The Leave/Return Phenomenon of Abused Women's Change Process: Grounded Theory of Adjustment and Change Perception

2.50
Hdl Handle:
http://hdl.handle.net/10755/160141
Type:
Presentation
Title:
The Leave/Return Phenomenon of Abused Women's Change Process: Grounded Theory of Adjustment and Change Perception
Abstract:
The Leave/Return Phenomenon of Abused Women's Change Process: Grounded Theory of Adjustment and Change Perception
Conference Sponsor:Midwest Nursing Research Society
Conference Year:2005
Author:Reid, Alva, PhDc, MSN, BSN
P.I. Institution Name:Department of Veterans Affairs Medical Center
Title:Nurse Practitioner
Contact Address:Community Psychiatry, 1000 S. Fort Thomas Ave., Fort Thomas, KY, KY, 41075, USA
Contact Telephone:5138613100, ext. 3251
The purpose of this research is to understand the experiences of
abused women who leave and return to their partners multiple times. Women
who are in abusive relationships undergo a change process, which is a
spectrum of emotional and behavioral responses that women experience in
coping with abuse. Leaving and returning to the abusive relationship is a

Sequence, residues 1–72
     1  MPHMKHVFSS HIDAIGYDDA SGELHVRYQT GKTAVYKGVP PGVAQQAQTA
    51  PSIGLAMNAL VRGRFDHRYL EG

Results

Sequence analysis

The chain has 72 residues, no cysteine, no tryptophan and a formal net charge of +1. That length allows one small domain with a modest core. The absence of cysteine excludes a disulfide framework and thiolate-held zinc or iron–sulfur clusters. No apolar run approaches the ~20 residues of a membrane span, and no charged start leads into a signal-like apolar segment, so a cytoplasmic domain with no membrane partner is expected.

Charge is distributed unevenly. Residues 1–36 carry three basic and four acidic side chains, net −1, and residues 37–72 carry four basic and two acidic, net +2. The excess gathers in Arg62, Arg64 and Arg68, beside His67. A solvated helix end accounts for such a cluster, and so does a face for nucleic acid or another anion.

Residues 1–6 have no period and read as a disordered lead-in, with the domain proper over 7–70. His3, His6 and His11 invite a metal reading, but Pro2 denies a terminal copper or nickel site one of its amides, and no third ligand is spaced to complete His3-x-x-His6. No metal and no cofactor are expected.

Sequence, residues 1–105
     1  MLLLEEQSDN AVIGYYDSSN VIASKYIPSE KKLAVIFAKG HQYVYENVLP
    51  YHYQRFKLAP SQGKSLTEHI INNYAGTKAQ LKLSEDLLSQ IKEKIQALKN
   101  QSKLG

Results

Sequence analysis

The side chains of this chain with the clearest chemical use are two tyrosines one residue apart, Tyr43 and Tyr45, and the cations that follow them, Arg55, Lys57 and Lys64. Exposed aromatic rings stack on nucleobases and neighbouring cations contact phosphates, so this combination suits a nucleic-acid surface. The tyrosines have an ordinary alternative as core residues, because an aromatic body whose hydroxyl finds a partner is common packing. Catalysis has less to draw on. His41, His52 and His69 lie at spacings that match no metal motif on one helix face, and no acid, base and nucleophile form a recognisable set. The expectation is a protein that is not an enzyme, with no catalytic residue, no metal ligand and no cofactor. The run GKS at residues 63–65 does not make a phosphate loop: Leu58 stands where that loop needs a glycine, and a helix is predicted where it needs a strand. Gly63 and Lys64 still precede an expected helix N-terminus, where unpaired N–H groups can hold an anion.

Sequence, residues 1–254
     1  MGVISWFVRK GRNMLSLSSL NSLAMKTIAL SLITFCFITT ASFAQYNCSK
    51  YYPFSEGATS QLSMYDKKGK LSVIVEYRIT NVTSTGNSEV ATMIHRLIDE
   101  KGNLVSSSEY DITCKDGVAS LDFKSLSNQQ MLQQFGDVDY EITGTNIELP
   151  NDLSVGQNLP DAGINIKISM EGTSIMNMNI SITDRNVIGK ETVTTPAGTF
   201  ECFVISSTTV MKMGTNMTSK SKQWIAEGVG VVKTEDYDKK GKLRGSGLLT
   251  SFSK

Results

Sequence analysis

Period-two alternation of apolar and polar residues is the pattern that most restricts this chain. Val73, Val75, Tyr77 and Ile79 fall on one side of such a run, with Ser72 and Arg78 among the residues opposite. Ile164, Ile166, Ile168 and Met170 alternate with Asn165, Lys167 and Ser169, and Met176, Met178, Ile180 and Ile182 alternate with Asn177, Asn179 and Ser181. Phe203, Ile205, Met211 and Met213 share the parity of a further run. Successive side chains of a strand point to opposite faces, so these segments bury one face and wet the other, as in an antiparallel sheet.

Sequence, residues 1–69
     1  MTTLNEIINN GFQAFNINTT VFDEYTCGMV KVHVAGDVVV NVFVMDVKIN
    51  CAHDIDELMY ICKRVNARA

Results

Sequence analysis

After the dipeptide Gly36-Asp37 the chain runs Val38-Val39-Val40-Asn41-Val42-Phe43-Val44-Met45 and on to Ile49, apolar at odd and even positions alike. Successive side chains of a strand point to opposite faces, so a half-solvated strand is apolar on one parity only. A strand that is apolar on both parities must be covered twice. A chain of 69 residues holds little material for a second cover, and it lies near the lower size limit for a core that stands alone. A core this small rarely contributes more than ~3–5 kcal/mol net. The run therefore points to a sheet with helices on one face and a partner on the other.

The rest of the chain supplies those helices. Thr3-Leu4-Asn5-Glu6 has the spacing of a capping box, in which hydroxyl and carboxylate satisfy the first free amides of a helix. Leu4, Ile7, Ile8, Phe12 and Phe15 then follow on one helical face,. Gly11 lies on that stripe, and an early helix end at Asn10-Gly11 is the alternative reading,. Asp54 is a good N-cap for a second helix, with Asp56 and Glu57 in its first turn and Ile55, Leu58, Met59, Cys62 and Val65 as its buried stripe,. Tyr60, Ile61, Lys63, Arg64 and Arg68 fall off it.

predominant theme in abused women's change process that has not been
examined. An majority of research describing womenÆs responses to abuse
has focused on how and why women leave their abusers. Thus, much is known
relative to providing care for women who leave the relationship. Research
has shown that women leave and return to their relationships an average of
five to eight times prior to final termination. Exploring the leave/return
phenomenon will inform treatment of abused women who choose to return to
their abusers. Further, the leave/return phenomenon is significant because
of the recent trend to individualize treatment based on abused women's
stage of change. However, present change theory may be insufficient as a
basis for intervention due to lack of consideration of the leave/return
phenomenon. The specific aims of this study are to understand: (1) how
abused women adjust to returning to the relationship after having left and
(2) abused womenÆs perception of how leaving and returning may affect
their perceptions and feelings about the abuser and the relationship.
Participants will be 15 women, ages 18-59, who have previously experienced
physical and/or sexual abuse in a relationship with a male partner and
have had two or more experiences of physical separation and
reconciliation. Data will be collected in an individual audio taped,
unstructured interview. Data will be analyzed by the Strauss and Corbin
(1998) method of developing grounded theory.
Repository Posting Date:
26-Oct-2011
Date of Publication:
17-Oct-2011
Sponsors:
Midwest Nursing Research Society

Full metadata record

DC FieldValue Language
dc.typePresentationen_GB
dc.titleThe Leave/Return Phenomenon of Abused Women's Change Process: Grounded Theory of Adjustment and Change Perceptionen_GB
dc.identifier.urihttp://hdl.handle.net/10755/160141-